With the national emphasis on developing smart cities, the concept of intelligent water services came into being. As an essential part of the construction of intelligent cities, scientific and clever use of water resources, the construction of intelligent, refined water systems is the fundamental guarantee of the structure of smart cities . Through the study of advanced water supply technology and concepts, and combined with their situation, the water division around the town is in full swing to carry out the construction of urban intelligent water services and independent metering area DMA (district metering area) zoning construction and gradually establish and improve the SCADA system for pipe network monitoring and data acquisition (supervisory control and data acquisition), Pipeline GIS (geographic information system), and permalog leakage monitoring system . Using advanced technical means and intelligent platform equipment to provide reliable data support for water supply network status monitoring, optimal scheduling, leakage monitoring, and other research, thus improving water supply efficiency and pipeline safety monitoring capabilities, have become the primary development direction of the water supply industry. This method is a classification-based leakage detection method. Still, it has some practical applications because it simulates leakage by adding leakage quantities to the no-leakage flow data set as a training set without requiring a large amount of historical monitoring data with labels.
With the increasing awareness of water resources protection, the water supply department has increased the detection of pipelines into passive detection for active detection, without waiting for the leakage water to spill out of the ground before judging its occurrence of leakage, which has achieved specific results in reducing the amount of leakage and improving the efficiency of water supply . There are many reasons for the leakage of pipe network, but the amount of leakage of the pipe network is only related to three factors: first, the appearance of the pipe breakage point is too long; second, the shape, size, and number of breakage points and other parameters related to pipe rupture; third, the pressure of water supply in the pipe. Experimental studies also show a close link between water supply pressure and leakage. The scientific management of the pressure in the network pipe can reduce the chances of leakage and burst . Pressure management is a very economical and effective loss reduction method, which plays a positive role in reducing network leakage, preventing pipe bursts, controlling leakage rebounds, delaying leak detection cycles, and maintaining leak detection results. Using pressure control to reduce leakage across the network is a cost-effective way to do so and can reduce the risk of more severe leaks through gentle pressure fluctuation control. It is essential to improve system efficiency and reduce costs in the water supply process . An efficient water network system provides equivalent service and reduces energy consumption. One effective improvement is the management of network pipe system pressure, optimizing the least stressed network nodes, which also helps to improve other known leakage problems.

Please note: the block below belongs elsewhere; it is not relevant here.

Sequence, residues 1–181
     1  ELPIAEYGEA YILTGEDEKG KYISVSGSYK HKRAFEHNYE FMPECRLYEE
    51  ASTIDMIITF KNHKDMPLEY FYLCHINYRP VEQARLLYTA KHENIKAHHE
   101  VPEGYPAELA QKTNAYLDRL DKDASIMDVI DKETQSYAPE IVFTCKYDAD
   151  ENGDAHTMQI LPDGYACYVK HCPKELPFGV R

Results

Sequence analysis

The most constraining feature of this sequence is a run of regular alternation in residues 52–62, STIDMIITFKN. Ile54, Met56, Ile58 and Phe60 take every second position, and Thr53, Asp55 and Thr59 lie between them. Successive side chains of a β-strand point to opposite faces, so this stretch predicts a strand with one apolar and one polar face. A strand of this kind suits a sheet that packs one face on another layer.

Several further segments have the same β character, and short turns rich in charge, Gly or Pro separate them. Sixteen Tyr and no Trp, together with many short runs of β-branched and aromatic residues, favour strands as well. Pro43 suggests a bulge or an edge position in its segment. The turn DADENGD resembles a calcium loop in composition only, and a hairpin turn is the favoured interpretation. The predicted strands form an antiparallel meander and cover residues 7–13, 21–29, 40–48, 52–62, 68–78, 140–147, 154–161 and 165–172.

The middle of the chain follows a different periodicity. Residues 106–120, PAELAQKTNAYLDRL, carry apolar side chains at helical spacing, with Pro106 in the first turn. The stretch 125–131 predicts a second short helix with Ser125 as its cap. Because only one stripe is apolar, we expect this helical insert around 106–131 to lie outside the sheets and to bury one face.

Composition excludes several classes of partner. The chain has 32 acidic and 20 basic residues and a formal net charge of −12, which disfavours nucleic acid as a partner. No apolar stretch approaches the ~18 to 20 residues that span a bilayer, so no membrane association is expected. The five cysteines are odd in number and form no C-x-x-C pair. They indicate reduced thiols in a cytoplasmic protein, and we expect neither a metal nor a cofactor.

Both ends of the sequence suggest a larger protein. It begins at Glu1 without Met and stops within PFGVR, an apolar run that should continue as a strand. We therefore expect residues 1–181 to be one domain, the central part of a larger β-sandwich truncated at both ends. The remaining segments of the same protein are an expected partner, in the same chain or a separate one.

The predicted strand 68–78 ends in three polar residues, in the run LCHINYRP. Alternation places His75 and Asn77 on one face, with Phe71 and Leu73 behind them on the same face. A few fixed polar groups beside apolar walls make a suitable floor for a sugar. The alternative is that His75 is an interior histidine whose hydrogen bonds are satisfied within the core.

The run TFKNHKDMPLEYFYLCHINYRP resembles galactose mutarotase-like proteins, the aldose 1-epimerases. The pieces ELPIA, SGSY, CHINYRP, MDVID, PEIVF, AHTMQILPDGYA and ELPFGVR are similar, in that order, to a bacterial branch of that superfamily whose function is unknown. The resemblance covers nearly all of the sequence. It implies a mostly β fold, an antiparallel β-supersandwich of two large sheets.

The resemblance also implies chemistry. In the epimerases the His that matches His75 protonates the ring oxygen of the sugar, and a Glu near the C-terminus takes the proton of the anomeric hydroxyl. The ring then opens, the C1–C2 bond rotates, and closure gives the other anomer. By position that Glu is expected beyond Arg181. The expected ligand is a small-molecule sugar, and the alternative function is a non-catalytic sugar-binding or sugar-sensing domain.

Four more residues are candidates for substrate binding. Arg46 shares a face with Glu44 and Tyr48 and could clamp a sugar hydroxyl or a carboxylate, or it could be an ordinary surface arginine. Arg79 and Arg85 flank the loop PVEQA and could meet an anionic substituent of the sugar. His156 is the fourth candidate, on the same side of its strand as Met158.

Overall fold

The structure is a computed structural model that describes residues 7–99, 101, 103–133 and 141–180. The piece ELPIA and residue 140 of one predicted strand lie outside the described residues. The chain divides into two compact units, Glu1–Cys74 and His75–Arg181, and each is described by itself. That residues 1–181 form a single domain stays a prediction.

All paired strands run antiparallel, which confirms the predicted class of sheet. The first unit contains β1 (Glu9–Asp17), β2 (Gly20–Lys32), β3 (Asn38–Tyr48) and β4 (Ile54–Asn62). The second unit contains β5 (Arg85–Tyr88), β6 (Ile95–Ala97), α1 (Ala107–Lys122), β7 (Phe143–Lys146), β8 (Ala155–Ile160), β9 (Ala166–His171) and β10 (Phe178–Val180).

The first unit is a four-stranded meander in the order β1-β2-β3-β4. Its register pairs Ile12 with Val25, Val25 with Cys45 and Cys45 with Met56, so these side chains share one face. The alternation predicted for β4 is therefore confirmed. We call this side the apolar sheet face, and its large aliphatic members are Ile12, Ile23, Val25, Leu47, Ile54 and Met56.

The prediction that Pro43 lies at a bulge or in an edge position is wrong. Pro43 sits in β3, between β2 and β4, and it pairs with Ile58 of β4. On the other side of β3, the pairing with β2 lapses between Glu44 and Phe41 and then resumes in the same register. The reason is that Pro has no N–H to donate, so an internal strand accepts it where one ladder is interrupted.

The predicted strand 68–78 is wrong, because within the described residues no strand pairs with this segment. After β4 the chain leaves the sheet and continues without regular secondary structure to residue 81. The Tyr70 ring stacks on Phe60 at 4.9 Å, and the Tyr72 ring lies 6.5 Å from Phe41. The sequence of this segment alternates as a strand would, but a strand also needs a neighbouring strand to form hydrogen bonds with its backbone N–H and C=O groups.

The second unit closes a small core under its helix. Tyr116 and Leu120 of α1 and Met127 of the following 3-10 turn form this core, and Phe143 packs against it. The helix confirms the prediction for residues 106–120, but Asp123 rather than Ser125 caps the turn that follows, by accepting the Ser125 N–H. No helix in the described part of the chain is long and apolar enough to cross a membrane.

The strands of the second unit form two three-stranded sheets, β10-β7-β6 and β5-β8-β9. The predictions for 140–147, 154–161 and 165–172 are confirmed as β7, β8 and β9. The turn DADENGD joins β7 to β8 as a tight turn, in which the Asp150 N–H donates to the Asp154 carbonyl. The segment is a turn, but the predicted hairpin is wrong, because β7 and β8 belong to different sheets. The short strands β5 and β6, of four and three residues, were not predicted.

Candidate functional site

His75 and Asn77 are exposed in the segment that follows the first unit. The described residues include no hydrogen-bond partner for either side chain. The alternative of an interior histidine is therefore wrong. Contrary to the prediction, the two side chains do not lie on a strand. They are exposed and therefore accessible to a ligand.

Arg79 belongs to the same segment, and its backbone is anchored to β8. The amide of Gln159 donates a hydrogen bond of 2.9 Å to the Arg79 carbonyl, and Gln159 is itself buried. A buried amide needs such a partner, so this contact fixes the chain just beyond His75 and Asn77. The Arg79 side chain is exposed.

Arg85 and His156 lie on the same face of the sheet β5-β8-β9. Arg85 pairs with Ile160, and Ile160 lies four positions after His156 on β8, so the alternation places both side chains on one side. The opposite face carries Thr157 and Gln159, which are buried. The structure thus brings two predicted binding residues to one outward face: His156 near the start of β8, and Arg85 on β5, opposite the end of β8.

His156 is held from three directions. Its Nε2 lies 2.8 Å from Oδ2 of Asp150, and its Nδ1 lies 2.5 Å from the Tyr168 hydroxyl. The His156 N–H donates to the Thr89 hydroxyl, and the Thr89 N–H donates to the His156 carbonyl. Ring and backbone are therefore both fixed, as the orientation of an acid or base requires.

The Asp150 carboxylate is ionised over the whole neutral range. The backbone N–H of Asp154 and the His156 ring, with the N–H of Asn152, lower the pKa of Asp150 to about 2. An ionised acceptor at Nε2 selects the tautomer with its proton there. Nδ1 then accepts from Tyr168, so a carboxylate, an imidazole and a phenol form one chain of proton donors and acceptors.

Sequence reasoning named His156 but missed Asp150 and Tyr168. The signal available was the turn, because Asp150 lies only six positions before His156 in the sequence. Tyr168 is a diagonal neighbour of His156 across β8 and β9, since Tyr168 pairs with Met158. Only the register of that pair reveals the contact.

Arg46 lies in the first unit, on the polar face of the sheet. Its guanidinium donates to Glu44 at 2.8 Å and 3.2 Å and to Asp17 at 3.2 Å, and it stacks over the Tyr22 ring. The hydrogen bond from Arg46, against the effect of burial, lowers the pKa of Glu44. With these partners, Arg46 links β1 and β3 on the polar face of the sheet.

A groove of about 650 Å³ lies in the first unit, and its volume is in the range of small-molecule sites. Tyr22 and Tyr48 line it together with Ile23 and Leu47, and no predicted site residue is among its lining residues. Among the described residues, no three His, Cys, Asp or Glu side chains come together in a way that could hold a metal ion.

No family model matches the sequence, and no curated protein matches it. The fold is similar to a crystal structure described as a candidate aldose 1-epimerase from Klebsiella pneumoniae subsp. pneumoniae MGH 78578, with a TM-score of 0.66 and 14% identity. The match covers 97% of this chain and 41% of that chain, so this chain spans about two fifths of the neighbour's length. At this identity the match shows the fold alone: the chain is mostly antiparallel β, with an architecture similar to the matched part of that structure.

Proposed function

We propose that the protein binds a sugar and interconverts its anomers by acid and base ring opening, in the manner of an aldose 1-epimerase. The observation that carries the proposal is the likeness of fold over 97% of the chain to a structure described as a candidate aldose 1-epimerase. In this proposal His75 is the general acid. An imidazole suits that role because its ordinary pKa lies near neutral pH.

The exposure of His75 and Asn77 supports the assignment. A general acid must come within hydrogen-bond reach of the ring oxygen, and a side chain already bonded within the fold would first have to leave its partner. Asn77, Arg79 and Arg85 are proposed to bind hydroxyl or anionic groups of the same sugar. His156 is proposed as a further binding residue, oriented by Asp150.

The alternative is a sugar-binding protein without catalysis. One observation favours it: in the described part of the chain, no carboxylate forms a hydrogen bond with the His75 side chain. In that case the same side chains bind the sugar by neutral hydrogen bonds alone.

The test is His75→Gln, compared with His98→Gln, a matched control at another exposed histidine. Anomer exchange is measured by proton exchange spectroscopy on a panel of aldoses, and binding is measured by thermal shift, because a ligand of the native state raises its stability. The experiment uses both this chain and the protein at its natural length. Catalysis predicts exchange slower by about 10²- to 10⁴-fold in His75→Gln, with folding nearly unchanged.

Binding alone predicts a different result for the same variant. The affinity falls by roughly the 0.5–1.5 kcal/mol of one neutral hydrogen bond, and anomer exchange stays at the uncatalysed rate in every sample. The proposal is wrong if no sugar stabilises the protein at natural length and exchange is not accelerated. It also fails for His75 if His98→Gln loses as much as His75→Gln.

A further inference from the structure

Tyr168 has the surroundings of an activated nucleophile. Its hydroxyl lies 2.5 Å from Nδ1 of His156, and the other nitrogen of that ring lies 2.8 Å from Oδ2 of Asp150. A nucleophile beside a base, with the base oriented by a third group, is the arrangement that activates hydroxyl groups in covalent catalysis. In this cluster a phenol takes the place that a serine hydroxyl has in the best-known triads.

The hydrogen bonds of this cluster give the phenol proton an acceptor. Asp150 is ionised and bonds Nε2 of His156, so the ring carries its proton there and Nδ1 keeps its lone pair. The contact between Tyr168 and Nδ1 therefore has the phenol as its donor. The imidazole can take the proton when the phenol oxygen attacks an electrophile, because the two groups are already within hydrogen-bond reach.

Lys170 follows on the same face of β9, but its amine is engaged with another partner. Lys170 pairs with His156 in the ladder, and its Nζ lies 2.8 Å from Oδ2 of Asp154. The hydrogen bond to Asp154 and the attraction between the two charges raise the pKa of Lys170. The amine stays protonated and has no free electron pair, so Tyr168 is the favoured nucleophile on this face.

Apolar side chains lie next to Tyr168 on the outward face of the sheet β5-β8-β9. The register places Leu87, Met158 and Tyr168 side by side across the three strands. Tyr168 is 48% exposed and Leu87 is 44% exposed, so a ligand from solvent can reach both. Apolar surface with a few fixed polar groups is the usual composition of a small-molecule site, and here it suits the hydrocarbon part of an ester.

2. Related Works
Urban water supply pipelines have been used for a long time and have serious aging problems. The pipes are underground, making maintenance complex. The construction and maintenance of the network are lagging behind the overall world standard, which makes water resources seriously wasted and causes an increase in water supply costs and brings a lot of inconvenience to citizens’ lives, which is not conducive to the harmonious development of society . It is necessary to test and evaluate the urban water supply pipelines in stages and then implement corresponding renovation measures. At present, the information management about the water supply network is slightly inadequate, and the evaluation of the health condition of the network is still in the development stage . The methods to study the health condition of the water supply network are currently divided into the following: hierarchical analysis, multiple linear regression, fuzzy theory, and other methods to establish models. Tinelli and Juran use the existing urban water supply pipe burst phenomenon to collect information through multiple linear regression to develop a model, first, to make a relevant description of the above phenomenon, but also in working condition of the water supply pipe network reference comparison to give an assessment, set the water supply pipe network breakage variable adjustment, to obtain experimental data . Hannan and Anmala predicted the degree of influence of each variable on the water supply pipe with the support of experimental data of the water supply pipe network . A combination of matrix improved hierarchical analysis and gray correlation was utilized to evaluate the water supply pipe network system considering the material of water supply pipes and the qualities of water resources. Based on the gray system approach, Wang L analyzed and diagnosed the city’s example pipe network by understanding the results of multivariate factors such as pipe material, connection method, underground depth, pipe age, and pipe radius that affect the pipe network accident, using a multilevel fuzzy integrated evaluation method .